The price boaters pay to keep their boats at the Oak Harbor Marina may be going up soon in anticipation of a major dredging project.
City council members chose a refinancing option to repay the the 2011 bond to dredge the marina that will include higher payments in the first five years to pay it off during a workshop meeting last Wednesday. They were presented with several options to identify funding sources to repay the bond, including increasing the dredge fee or using fund balance.
The marina is run as an enterprise fund, which means its expenses are supported by user fees and not general city money. The dredge fee tacked on to moorage bills was first enacted in 2010 after the marina’s most recent dredging the same year. It was originally set at $1.15 per foot per month but was lowered to $1.03 because only half of the marina was dredged.
The fee was controversial at the time, according to Harbormaster Chris Sublet, and 25-30 percent of tenants left. About half of them have come back.
Now the dredge fee could increase by about 30 cents each year for four years. In the first year, the fee would be $1.31 per foot of the boat’s or slip’s length, plus tax. In the second year, it would be $1.60, in the third year it would be $1.88 and in the fourth year it would be $2.16.
The fee increase would generate more funds each year and add $157,000 to the marina’s fund in the fourth year alone. The dredging fee currently generates $143,000 annually. The increase should be enough to support the debt service on a 20-year bond to pay for the future project, city Finance Director David Goldman told council members.
Sublet explained that Oak Harbor aims to set its prices at 80 percent of the averages for slips in the region. He said the average size of a boat at the Oak Harbor Marina is 32 feet. Uncovered moorage for a 32-foot boat is currently $276.90 per month. It will rise to $317.71 per month after the dredging fee increase.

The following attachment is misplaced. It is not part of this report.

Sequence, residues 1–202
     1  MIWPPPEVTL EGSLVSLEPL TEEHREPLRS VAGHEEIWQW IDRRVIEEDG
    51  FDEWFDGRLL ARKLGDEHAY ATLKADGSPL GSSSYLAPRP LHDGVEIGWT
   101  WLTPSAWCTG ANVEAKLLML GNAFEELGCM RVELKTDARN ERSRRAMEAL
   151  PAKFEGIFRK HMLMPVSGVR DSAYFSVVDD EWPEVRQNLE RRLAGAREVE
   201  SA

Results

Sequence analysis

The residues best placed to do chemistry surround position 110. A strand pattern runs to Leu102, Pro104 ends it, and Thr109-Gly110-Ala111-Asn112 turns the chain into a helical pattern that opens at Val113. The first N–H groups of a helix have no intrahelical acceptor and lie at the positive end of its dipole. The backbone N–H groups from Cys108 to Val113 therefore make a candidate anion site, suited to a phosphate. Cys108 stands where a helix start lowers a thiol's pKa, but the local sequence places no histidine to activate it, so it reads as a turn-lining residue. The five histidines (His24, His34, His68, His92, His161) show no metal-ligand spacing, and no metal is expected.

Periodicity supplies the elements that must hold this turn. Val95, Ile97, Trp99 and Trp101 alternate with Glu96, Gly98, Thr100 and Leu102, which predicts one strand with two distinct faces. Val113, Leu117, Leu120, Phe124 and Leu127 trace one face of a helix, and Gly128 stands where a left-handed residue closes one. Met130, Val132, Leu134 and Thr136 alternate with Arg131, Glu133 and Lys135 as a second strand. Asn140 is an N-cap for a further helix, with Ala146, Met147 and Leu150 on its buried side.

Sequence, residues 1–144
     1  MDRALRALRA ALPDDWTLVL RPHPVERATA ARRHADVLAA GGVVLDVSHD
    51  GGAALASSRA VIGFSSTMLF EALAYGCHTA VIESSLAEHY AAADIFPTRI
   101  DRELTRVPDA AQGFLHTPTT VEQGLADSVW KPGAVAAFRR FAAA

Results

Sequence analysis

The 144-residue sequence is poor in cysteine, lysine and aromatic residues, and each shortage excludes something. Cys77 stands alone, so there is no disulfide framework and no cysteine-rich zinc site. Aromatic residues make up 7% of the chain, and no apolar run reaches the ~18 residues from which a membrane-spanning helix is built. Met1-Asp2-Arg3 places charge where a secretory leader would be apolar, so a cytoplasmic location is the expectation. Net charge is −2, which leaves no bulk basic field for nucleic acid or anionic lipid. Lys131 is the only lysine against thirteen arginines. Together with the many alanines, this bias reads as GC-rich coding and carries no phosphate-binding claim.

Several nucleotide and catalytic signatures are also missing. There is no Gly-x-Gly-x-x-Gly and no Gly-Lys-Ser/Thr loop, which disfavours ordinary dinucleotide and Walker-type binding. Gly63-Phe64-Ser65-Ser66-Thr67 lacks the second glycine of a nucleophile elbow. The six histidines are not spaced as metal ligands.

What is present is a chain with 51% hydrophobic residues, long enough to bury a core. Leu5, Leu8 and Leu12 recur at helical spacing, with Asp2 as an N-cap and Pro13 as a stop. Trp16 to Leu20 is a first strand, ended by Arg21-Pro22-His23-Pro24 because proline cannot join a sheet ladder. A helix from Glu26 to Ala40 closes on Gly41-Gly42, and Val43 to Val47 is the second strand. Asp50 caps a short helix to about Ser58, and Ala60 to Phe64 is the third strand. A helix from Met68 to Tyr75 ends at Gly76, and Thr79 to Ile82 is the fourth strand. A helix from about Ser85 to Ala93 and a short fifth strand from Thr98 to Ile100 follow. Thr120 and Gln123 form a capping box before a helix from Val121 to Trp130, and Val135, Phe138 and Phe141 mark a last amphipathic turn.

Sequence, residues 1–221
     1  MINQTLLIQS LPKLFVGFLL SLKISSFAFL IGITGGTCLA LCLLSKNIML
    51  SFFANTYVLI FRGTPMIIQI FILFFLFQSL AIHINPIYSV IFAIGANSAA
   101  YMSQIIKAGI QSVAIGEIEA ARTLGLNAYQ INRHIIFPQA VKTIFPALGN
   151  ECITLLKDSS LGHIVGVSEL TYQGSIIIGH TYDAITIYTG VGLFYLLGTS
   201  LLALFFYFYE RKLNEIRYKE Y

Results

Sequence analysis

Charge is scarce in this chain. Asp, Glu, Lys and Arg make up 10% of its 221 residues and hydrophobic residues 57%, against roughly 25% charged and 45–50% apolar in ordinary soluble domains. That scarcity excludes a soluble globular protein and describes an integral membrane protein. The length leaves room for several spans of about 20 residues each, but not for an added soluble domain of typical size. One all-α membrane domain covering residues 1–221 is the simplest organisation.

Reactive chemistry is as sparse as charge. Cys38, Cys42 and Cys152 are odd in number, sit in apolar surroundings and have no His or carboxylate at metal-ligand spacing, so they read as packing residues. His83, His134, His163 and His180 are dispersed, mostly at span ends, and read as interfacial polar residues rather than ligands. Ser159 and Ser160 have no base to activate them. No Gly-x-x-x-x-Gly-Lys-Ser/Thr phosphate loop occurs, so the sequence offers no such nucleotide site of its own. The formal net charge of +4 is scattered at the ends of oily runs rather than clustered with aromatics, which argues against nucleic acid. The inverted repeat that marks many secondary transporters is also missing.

The marina also raised moorage rates by 3 percent this past April and will raise rates again next April by the same amount.
Sublet said it will take about one and a half to two years to actually dredge the marina because of the lengthy permitting process after it’s approved by the council. He estimated dredging will cost between $4-$5 million.
Officials and boaters alike agree that the marina needs to be dredged soon. It was dredged to a negative 12-foot tide level in 2010, but the mud has built up to create increasingly shallow areas.
Sublet showed a map of the different depths in the marina at a zero tide and showed where some areas are just at 6 or 7 feet now. Although 7 feet of water may seem like plenty, Sublet said, many sailboats draw six feet below the waterline. It is not uncommon to see sailboats sitting on the mud.
Sublet said the dredging needs to happen soon to ensure the city has a marina in the future.
“If we don’t dredge, we’re not going to have a marina, plain and simple,” he said.
Correction: A previous version of this story incorrectly stated that Oak Harbor City Council members voted to increase the dredge fee. Instead, council members voted on an option to refinance the bond used to dredge the Oak Harbor Marina in 2011. The options to pay off the bond include raising the dredge fee, using fund balance or a combination of both. The decision to change rates will come at a future meeting. We regret the error.